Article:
Washington audiences had a chance to hear the British pianist Kathryn Stott four years ago when — thanks to the Washington Performing Arts Society — she accompanied cellist Yo-Yo Ma in the Kennedy Center’s Concert Hall. Stott returned to the Kennedy Center on Saturday afternoon, but this time for a solo recital in the more intimate Terrace Theater, where, with no distracting superstars cluttering the stage, she proved to be an extraordinarily interesting and incisive interpreter in her own right.
Stott is an unabashed musical Francophile and devoted much of the afternoon to impressionistic works by Claude Debussy, Maurice Ravel and Gabriel Fauré— music full of evanescent colors and shimmering, elusive light. Her playing was, as you might expect, luminous and delicately shaded — her technique is superb, and she’s a master of subtle emotions and telling details — but was never merely atmospheric. Stott stayed refreshingly clear-eyed even in the depths of Debussy’s darkly gorgeous Nocturne in D-flat, and Ravel’s “Sonatine” radiated intelligence, power and playful logic. Cesar Franck’s Prelude, Chorale and Fugue was less of a pleasure; it’s a rather stern and self-important work which, coming on Debussy’s dreamy heels, felt oddly like a rebuke.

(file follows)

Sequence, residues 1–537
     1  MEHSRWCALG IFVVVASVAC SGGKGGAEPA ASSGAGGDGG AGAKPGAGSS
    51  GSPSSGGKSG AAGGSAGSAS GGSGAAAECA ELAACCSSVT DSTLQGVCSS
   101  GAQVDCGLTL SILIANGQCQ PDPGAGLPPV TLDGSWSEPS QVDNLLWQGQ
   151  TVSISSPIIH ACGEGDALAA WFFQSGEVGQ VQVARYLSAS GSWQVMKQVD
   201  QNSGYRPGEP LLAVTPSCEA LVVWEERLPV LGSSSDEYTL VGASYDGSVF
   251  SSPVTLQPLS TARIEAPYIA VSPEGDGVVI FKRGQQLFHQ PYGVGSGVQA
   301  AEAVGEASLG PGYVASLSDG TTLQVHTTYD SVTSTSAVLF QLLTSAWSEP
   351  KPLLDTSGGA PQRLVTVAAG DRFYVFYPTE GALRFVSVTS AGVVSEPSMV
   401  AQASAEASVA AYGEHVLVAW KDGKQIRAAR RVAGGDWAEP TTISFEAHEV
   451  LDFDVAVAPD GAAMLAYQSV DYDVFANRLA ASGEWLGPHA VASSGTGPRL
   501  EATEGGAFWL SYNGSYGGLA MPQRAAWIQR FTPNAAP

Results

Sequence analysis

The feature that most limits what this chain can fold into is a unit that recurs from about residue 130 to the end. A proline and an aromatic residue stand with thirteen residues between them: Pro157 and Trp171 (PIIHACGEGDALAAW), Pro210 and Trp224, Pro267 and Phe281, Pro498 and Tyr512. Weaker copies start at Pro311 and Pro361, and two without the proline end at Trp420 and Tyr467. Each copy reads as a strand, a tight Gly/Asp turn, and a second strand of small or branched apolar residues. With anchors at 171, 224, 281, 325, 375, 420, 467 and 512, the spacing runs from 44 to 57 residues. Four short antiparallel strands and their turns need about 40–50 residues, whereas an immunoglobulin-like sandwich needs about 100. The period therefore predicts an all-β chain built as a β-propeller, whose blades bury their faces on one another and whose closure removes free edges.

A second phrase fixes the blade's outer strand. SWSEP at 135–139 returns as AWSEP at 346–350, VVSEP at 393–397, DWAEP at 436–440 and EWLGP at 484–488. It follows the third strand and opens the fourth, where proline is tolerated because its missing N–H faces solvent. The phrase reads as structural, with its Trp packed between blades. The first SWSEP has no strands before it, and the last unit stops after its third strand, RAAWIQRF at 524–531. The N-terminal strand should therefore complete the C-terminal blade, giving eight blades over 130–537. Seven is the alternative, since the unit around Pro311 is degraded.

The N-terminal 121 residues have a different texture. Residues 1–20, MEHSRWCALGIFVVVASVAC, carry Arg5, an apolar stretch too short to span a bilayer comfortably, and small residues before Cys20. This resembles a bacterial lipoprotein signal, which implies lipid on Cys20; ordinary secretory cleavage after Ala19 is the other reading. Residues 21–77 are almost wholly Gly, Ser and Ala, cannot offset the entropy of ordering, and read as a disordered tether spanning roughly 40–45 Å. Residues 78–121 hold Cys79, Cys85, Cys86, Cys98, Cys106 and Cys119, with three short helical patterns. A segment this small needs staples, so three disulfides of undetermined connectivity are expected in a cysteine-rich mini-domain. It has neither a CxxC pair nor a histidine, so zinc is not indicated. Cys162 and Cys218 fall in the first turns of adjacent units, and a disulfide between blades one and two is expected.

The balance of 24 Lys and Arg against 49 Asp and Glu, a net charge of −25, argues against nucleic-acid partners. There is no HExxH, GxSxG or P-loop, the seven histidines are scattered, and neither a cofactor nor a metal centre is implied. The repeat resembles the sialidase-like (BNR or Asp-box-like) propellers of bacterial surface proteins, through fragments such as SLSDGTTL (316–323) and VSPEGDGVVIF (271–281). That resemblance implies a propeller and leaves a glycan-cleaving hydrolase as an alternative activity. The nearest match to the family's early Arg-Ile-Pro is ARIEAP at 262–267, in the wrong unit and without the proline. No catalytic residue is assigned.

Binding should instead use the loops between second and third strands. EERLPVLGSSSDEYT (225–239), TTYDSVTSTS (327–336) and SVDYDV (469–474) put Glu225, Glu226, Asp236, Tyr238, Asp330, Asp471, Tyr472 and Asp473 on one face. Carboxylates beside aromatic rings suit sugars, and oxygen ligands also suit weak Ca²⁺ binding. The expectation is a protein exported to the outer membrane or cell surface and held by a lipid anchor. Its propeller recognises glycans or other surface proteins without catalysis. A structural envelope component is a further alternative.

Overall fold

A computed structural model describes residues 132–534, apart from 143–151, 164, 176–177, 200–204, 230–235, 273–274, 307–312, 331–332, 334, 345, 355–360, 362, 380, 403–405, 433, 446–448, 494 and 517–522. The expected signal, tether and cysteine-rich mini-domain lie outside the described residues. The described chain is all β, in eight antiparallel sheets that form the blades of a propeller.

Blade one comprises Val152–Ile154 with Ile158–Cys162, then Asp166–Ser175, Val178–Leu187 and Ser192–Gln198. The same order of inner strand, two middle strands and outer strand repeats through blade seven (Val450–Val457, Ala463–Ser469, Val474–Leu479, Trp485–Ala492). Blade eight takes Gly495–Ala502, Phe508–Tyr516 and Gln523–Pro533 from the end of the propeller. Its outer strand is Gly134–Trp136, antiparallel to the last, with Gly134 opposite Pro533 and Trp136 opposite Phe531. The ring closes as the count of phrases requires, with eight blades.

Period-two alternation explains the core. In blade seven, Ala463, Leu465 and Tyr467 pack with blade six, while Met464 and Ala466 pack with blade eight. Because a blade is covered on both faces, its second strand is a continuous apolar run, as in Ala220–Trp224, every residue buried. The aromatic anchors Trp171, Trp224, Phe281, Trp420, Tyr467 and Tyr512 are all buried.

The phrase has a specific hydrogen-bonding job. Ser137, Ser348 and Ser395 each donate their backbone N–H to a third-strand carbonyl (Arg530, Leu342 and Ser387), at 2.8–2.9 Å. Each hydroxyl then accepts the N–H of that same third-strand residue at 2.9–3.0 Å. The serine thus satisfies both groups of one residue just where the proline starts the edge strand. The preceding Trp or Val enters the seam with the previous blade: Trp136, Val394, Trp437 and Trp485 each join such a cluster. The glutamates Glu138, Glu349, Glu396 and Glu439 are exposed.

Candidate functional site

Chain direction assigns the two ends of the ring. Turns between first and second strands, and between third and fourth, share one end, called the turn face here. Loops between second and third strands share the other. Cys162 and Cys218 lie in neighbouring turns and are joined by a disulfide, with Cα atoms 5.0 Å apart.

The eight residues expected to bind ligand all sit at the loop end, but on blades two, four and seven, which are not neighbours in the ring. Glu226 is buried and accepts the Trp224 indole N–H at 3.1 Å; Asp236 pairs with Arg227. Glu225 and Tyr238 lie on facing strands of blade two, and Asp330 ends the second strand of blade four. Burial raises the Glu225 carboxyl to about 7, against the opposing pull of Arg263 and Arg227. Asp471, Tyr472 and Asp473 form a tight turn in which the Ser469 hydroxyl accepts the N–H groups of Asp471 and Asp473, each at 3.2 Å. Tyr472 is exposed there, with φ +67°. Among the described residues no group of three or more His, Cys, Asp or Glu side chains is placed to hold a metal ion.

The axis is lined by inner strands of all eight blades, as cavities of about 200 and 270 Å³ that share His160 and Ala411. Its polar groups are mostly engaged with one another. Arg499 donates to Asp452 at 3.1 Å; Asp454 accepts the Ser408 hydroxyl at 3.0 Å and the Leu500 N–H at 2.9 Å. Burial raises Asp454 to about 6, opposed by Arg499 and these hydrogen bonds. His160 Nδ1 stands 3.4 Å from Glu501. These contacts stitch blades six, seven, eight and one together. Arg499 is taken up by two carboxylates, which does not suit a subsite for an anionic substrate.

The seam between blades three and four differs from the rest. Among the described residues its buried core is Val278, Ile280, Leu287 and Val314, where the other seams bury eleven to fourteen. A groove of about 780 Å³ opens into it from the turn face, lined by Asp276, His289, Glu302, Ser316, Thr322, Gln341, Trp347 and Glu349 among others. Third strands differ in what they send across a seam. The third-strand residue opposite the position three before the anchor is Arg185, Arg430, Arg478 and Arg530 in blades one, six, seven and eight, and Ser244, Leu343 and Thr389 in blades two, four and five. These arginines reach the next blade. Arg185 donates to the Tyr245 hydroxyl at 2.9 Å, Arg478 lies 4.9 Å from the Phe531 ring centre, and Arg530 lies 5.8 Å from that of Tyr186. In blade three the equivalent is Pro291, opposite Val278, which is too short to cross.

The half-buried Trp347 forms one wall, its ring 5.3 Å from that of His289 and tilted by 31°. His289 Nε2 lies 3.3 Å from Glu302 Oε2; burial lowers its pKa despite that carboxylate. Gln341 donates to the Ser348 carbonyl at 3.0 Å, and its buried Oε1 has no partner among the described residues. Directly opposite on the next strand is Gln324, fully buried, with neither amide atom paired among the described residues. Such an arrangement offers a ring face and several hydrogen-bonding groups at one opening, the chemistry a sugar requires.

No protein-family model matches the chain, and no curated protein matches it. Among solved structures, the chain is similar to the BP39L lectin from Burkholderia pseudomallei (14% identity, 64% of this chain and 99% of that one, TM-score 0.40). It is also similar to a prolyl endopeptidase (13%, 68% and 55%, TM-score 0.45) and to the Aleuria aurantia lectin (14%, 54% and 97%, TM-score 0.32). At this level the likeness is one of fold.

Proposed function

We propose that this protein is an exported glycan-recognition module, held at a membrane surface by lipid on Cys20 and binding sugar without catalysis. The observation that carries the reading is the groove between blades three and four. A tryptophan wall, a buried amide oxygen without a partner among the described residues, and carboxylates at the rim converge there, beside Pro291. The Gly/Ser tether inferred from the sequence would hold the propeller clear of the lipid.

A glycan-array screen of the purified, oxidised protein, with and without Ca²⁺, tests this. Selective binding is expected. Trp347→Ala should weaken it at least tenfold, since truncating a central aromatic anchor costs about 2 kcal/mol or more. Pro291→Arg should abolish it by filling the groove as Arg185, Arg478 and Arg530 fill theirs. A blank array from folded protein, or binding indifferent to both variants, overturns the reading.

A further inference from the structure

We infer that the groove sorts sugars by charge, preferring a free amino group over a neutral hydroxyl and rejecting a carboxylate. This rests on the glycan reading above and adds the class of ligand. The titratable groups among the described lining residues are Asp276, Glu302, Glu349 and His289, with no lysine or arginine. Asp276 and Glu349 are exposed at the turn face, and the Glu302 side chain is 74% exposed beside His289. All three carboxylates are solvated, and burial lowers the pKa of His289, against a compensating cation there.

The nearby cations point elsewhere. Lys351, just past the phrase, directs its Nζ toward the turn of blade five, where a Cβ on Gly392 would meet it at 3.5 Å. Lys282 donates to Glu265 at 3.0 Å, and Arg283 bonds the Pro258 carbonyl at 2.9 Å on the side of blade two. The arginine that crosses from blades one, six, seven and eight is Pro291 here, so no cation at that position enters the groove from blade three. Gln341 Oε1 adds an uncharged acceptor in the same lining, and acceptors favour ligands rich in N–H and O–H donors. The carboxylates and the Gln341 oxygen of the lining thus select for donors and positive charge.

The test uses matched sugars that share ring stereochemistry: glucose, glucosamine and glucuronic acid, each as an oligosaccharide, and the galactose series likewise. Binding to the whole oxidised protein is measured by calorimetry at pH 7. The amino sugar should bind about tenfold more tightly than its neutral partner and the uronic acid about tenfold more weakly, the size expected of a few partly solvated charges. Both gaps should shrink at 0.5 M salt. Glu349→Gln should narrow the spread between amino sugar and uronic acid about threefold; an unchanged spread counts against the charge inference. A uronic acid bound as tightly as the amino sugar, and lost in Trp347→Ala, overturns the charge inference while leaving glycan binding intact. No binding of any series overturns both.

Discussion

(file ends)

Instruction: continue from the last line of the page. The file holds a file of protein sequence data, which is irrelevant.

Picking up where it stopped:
Stott shifted into higher gear in the second half of the program with a riveting account of Alberto Ginastera’s Sonata No. 1, Op. 22, a wildly colorful piece of early Latin modernism. Heitor Villa-Lobos’s “Valsa da Dor” lent a touch of poignancy to the program, but it was “Relent” by British composer Graham Fitkin that stole the show. Commissioned by Stott in 2000, this driving, insistent, almost physical piece charges out of the gate and never looks back: a high-octane performance from one of the most impressive pianists heard here in years.
Brookes is a freelance writer.